To understand the story of the Dallas Bull, you don’t have to remember parking in the dirt lot at 8222 US Highway 301, or remember hearing the faint buzz from the glowing neon signs on the walls of the “Old Bull”. You don’t have to know every line dance, or know how to master the thrusts of the mechanical bull. You don’t have to be a drinker or a smoker, you don’t even have to know the lyrics to “Friends in Low Places”. To be a part of our history, all you have to do is walk through our saloon doors.
The Dallas Bull was introduced to Tampa in 1979, with throngs of patrons waiting outside for the first taste of the country bar that would one day become a legacy in the Sunshine State, and proudly boast the title of “the largest honky-tonk east of the Mississippi.” The small, gritty country bar was beloved by all that came through the doors…mainly due to the fact that customers felt like they were part of a family, like they were more than just another round of drinks to be served… like they finally belonged.
As the Bull’s popularity grew, so did the need for a larger venue to accommodate their growing fan base. The owners went on a country-wide tour of some of the most renowned honky-tonks and country bars the states had to offer, as well as visiting some hole-in-the-wall establishments along the way. They wanted a bar that could keep a true country feel while still appealing to the many different walks of life that filter through Tampa. Once the gentlemen knew they had achieved a vision for the perfect venue, their dream slowly came to fruition.
On May 30 of 2006, the Bull once again opened its doors to a packed house. While the new facility was just down the road from its former home, it could swallow the old Bull whole. At 34,000 square feet large, this honky-tonk was clearly a force to be reckoned with. This vision turned actuality boasts ninety-nine restroom stalls, ten full-liquor bars, six pool tables, three dart boards, two dance floors, and a partridge in a pear tree. Well, not really a partridge so much as an intimidating mechanical bull that sits atop a stage, patiently waiting for its next victim.
Speaking of stages, if they could talk, this one would have some rockin’ stories to tell. Like the time Kenny Chesney came by in his early days after a concert at Tampa Stadium and sat down with our house band to play a set of songs for an ecstatic Friday night crowd. Or the time Keith Anderson played under our roof, and Jake Owen moseyed over from his set at the Amphitheater and got onstage to play a few tunes with Keith. Or the time Kix Brooks, Randy Houser, Steve Holy and Heidi Newfield played a cappella for the St. Jude Partner in Hope concert. Or the time the Bull hosted the Charlie Daniels band, and the cast of Discovery Channel’s series Deadliest Catch sat in for the night to sign autographs and chat with the multitude of fans that filled our house. Yes, the Dallas Bull is rich in music history, and continues to wow our crowds with our yearly concert series that has included country stars new and old such as Luke Bryan, Eric Church, John Anderson and Tracy Byrd.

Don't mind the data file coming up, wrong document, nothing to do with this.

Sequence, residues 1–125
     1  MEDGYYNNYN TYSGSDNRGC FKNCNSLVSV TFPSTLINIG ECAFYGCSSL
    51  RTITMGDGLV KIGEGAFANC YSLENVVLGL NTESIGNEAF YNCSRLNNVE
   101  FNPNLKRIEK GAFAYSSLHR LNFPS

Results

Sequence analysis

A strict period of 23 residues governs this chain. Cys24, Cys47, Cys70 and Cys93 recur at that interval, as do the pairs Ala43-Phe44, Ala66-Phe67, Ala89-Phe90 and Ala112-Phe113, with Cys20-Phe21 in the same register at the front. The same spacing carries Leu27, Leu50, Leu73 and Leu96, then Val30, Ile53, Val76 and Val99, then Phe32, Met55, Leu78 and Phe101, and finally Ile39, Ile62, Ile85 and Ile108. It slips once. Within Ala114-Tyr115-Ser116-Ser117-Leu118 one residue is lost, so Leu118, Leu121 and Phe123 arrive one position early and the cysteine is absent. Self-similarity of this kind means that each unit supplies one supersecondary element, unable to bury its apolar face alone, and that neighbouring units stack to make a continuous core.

Thanks to a community that welcomed the bar with open arms, the Dallas Bull has made it a mission to give back to the Bay area in more ways than one. The Bull has been closely affiliated with the Angelus House for many years, which is a home for severely handicapped people that need care and assistance. It is the primary charity of Charlie Daniels, and was founded in the same year as the Dallas Bull. In addition, the Bull has worked with St. Jude’s Children’s Research Hospital, and has donated towards many other noteworthy organizations such as the American Cancer Society and the Junior Women’s League of Tampa.
So that’s our story, and we’re sticking to it. The Dallas Bull cannot thank our patrons enough, both young and old, both country and hip hop lovers, for helping to create our history. Without you, the last thirty years would have been undoubtedly dull. Hopefully, we can make the next thirty years even more eventful and fun-filled for our loyal customers that keep our jobs both interesting and existing. So again, we thank you, and God bless.